Diversity and Distribution of Anomalures and Squirrels in Oban Hills of Nigeria
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School of Ecology and Nature Conservation, Beijing Forestry University, Beijing 100083, China
Department of Forestry and Wildlife Management, Federal University Dutse, Jigawa State, Nigeria
Department of Environmental and Social Forestry, Federal University of Agriculture, Makurdi, Nigeria
Department of Wildlife and Ecotourism Management, University of Ibadan, Nigeria
Department of Environmental and Social Forestry, University of Ibadan, Nigeria
School of Soil and Water Conservation, Beijing Forestry University, Beijing 100083, China
Online publication date: 2022-03-15
Publication date: 2022-03-15
Corresponding author
James Kehinde Omifolaji   

School of Ecology and Nature Conservation, Beijing Forestry University, Beijing 100083, China
Hystrix It. J. Mamm. 2022;33(1):73-79
The Congolian tropical forest represents the epicentre of biodiversity conservation and squirrel diversity in the Western and Central African region of sub-Saharan Africa. The scientific knowledge gap of squirrel species diversity, distribution and ecology of the region is limited. We investigated anomalure and squirrel richness and diversity in different land-use types in the Oban region, Nigeria between January 2010 and April 2013 to update species baseline information on squirrels. In total, we recorded 495 individuals of seven species and six genera representing, Anomaluridae and Sciuridae families, were detected in the Oban Hills Region. The Anomaluridae family accounted for one genus and one species (Anomalurus beecrofti), while the Sciuridae family is represented by the Xerini and Protoxerini tribes in five genera (Funisciurus, Heliosciurus, Xerus, Paraxerus, and Protexerus). Encounter rates with five different species revealed that the Protoxerini tribe (Funisciurus anerythrus and Heliosciurus rufobrachium) were the most frequently detected across all the land-use types in the region. The high diversity of squirrels detected in the region could be a reflection of its recognition as a biodiversity hotspot. Also, closed-canopy cover had the highest diversity index and evenness recorded than farmfallow. Studies on population monitoring, ecology, and conservation help species- and site-specific conservation strategies in the region. We conclude that closed-canopy forest has high conservation value, and that management should be initiated where possible to alleviate threats to its continued functioning and effort must be directed towards ascertaining the ecology and biology of squirrel species for effective conservation strategies.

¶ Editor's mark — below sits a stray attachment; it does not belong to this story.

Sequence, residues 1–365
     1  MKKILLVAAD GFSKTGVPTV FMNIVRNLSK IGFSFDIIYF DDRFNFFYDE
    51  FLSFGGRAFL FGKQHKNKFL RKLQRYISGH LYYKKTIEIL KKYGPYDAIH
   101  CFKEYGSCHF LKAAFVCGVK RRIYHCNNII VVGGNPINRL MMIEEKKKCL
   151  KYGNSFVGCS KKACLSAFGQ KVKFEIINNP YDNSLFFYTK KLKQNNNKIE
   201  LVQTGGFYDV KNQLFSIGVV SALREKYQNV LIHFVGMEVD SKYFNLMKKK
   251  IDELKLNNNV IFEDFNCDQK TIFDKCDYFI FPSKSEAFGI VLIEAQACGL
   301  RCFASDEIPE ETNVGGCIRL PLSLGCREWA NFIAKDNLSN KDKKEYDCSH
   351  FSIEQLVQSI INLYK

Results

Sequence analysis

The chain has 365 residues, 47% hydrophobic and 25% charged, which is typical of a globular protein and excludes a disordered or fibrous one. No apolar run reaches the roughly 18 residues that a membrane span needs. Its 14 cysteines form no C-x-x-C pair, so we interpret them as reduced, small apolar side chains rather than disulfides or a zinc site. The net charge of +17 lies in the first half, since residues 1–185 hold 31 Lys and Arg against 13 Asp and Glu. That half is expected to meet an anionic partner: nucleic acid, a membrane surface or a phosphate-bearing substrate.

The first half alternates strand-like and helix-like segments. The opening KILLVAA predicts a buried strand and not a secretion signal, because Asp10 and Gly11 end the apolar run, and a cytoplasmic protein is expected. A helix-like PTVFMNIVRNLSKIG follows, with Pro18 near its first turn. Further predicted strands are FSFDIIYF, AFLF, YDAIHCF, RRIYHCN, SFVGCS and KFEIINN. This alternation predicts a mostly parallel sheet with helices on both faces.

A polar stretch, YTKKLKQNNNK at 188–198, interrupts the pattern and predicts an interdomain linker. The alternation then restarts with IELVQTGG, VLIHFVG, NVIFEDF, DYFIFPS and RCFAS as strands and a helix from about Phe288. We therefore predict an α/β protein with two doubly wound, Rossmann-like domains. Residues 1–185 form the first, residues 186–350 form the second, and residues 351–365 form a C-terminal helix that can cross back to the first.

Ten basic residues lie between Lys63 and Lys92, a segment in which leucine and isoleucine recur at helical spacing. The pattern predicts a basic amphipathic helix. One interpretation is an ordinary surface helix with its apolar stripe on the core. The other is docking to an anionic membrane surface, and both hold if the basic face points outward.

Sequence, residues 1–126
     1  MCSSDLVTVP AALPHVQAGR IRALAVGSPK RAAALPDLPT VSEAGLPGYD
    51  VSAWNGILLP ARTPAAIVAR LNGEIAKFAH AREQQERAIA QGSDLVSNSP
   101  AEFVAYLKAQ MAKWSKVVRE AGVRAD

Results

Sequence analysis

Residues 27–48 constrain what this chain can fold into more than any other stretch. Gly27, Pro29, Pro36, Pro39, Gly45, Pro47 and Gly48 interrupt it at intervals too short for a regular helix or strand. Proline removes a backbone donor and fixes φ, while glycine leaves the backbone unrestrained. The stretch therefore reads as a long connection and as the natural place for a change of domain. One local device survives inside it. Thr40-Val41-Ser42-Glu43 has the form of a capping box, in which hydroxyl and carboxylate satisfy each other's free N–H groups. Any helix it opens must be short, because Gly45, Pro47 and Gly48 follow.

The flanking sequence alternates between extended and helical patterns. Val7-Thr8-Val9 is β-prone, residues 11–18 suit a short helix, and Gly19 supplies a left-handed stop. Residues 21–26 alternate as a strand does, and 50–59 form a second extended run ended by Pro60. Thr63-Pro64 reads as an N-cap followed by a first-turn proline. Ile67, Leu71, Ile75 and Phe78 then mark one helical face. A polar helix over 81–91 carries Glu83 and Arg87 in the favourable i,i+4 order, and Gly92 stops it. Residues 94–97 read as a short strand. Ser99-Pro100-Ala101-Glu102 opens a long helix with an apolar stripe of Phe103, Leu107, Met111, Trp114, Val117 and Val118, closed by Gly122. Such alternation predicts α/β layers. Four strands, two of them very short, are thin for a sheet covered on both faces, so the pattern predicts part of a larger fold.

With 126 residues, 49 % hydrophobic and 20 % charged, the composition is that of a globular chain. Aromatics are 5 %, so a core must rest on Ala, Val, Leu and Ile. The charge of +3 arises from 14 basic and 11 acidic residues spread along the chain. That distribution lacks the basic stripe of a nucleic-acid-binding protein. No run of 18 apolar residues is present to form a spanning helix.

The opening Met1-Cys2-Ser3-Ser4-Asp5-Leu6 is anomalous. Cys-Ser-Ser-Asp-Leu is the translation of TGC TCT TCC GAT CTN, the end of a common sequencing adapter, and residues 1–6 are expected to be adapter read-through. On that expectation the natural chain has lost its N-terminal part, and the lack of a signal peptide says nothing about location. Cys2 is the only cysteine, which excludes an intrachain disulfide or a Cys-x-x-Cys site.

We thank the management and staff of Nigeria National Park Service headquarters, Cross River National Park, for granting us permission to carry out this study. Also, we appreciate the Conservator Park, Research unit and ranger of Oban sector (CRNP) for provide support and logistics.
Thanks to Volkswagen Foundation and Ideawild for field equipment support.
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